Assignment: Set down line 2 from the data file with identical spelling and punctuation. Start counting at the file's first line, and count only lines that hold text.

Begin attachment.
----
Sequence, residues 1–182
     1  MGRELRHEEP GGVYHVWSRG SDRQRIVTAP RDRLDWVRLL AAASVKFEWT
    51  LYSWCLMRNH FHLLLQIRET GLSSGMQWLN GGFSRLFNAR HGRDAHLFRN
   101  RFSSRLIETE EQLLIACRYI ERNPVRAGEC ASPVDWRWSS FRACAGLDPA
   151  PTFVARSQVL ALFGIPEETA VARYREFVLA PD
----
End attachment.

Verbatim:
     1  MGRELRHEEP GGVYHVWSRG SDRQRIVTAP RDRLDWVRLL AAASVKFEWT